"Replacing time spent with the printed word are television and other forms of streaming media, which engage people on a much more direct and emotional level than reading. While emotional responses can be useful -- say, for evaluating a political candidate's personality -- they also can foster intolerance for opposing viewpoints. Consider the difference, says Mr. Crain, between reading an anger-inducing article and watching a television program that serves up different viewpoints. The former can be amusing, but the latter can feel nearly unbearable -- and it is all too easy to change the channel to something more comfortable..."
Read more about it at: www.wsj.com

What will life be like if people stop reading?

Twilight of the Books Caleb Crain over at The New Yorker:

The reader is also alone, but the N.E.A. reports that readers are more likely than non-readers to play sports, exercise, visit art museums, attend theatre, paint, go to music events, take photographs, and volunteer. Proficient readers are also more likely to vote. Perhaps readers venture so readily outside because what they experience in solitude gives them confidence. Perhaps reading is a prototype of independence. No matter how much one worships an author, Proust wrote, “all he can do is give us desires.” Reading somehow gives us the boldness to act on them. Such a habit might be quite dangerous for a democracy to lose.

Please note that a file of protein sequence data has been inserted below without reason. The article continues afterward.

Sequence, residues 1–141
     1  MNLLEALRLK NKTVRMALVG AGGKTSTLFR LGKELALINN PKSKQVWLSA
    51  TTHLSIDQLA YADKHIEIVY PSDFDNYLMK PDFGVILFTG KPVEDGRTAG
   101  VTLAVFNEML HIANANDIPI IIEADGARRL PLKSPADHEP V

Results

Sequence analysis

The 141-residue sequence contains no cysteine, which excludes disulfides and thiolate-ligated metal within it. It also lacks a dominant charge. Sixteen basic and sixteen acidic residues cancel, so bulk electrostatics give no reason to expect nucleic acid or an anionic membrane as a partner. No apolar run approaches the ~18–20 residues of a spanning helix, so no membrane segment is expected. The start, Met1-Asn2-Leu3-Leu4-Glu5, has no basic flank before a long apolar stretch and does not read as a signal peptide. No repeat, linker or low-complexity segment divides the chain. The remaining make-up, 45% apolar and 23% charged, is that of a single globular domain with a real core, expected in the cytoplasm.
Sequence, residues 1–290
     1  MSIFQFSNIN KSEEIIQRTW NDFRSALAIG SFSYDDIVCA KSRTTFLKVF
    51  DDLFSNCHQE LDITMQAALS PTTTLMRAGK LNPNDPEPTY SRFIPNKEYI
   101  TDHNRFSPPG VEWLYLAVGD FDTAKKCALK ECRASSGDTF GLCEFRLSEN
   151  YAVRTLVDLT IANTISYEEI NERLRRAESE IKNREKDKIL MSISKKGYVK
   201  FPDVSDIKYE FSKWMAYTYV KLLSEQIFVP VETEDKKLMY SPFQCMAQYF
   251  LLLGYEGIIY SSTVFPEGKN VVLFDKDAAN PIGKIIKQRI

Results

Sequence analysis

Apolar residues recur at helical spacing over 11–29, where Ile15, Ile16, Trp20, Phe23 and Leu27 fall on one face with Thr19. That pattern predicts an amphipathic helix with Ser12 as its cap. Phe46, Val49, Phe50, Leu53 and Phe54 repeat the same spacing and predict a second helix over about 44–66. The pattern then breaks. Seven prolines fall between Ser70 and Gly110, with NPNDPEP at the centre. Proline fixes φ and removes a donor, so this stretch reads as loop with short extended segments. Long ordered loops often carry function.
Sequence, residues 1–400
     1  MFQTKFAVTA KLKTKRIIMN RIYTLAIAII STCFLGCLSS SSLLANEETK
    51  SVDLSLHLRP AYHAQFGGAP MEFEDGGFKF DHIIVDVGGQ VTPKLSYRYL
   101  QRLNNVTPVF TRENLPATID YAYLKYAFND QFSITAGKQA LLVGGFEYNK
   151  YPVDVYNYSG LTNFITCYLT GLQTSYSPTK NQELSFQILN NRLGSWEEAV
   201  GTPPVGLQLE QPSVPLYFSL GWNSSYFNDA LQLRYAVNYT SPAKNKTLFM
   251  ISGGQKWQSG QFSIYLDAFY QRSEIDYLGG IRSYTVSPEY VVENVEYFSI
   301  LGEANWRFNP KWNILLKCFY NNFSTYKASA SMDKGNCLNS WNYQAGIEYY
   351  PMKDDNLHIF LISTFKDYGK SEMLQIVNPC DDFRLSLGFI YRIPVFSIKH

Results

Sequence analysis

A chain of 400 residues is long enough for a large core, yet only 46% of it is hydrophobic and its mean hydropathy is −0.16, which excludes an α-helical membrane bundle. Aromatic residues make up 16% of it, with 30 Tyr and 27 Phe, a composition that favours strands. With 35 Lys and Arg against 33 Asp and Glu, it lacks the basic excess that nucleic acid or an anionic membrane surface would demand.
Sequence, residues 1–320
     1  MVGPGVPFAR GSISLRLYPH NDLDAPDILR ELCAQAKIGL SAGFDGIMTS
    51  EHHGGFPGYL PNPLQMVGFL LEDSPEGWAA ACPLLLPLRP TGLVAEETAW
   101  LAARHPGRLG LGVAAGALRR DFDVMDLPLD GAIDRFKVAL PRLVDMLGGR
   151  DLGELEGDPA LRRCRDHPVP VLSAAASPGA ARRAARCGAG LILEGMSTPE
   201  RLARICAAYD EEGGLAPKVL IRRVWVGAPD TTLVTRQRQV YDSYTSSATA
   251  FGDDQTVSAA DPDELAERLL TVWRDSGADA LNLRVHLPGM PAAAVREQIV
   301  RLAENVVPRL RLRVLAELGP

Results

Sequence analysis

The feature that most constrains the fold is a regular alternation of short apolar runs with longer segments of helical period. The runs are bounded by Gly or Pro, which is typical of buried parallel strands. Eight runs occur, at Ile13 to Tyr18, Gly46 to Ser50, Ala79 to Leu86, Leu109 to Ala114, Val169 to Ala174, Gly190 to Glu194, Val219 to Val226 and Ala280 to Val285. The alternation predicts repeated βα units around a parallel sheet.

Information Literacy partners

This was posted last week by the Shifted Librarian, but thought I'd pass it on.

"Karen Markey is a faculty member in the School of Information at the University of Michigan. Earlier this year, she received a small grant from the Delmas Foundation to build a prototype online board game that teaches students information-literacy skills. Her game prototype is now fully operational and is being tested and evaluated by a class of 75 undergraduates at the University of Michigan."

Karen is now looking for some help to further test her idea. So take a look at the posting for more information.

Doris Lessing's Nobel Lecture: On not winning the Nobel Prize